Recollections of Columbia, Wisconsin

by Mabel Schlender Jonkel

Contributed by Sarah Poertner

transcribed by Crystal Wendt & Michelle Harder.


The Dells Dam Indians traded at our store. When they were going north for hunting, the store would be full with their out-of-state friends.

When Dad had the dance hall the Indians had a dance in full regalia. They had a large drum. About ten sat around drumming while others circled them. Mother was one of their partners.

I wrote many letters from the old timers who could not write English and their children were away to school. They did not forget me. Many years


Erwin Simonds ran the Dells Store for his step father, he is seated near the door wearing a white shirt with the arm bands popular in 1909.

Later when I visited in Columbia they invited me to come to their homes. I had been shown through the tent homes in the early days.

Some names I recall were "Big Nose" Joe Bearhart and family; John and Paul Mike; the Davises; Little Bear; Winnashek; and John Blackdeer. The latter represented the Winnabago tribe in Washington , D.C., on several occasions. Mr. Winnashek gave me quite a large sum of money to hold for him until his marriage - - So it wouldn’t be spent. They were married by a Judge in Neillsville. Later he proved himself two weeks in the woods, proving to his mother-in-law he could care for her daughter. Then there was an Indian ceremony which lasted several days.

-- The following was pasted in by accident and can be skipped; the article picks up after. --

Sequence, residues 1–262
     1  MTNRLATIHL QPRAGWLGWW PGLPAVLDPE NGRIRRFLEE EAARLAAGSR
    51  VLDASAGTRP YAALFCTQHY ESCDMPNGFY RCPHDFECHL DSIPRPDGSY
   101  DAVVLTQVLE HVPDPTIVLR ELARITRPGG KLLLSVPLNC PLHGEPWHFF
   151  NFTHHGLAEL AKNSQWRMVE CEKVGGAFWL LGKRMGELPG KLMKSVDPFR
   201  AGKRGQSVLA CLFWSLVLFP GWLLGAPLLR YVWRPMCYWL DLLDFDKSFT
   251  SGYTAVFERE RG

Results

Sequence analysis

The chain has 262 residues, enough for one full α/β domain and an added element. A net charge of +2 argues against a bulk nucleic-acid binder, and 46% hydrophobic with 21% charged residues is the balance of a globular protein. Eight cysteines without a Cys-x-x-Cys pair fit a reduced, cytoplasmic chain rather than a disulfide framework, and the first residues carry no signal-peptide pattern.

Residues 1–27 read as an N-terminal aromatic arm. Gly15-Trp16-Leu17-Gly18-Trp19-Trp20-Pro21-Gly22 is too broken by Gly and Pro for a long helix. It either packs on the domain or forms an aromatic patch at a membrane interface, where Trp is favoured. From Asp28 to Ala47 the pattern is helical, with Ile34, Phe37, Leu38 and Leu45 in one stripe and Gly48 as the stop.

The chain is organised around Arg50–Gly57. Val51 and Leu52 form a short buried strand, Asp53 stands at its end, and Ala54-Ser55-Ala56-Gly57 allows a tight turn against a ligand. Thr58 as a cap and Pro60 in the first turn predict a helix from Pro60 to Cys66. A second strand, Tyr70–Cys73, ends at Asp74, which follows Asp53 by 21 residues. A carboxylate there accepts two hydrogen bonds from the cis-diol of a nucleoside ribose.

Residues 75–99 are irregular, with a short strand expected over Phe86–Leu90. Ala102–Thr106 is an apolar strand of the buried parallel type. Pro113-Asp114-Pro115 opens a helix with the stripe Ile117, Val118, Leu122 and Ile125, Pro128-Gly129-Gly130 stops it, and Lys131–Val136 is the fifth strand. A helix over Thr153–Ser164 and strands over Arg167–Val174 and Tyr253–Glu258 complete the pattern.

When I was born, the Indians had given Dad a pair of moccasins for me which I still have in 1973. I like and enjoyed all the Indians.


There were many real estate promotor! To name a few there were George Chittenden, John Chase, Charles Graves, Boynton and Holoway, who were known as the Wisconsin Farm Land Company. They all had agents in various places including Chicago. Sometimes they had train loads of people come. Someone would meet them at the station with the horse and buggy and show them the prospective farms. Otto Neverman of Neillsville, whose father once homesteaded one mile south of Columbia, was one of the drivers.

Jim Philips and Sam Weld were active in showing the farms to the prospective buyers.





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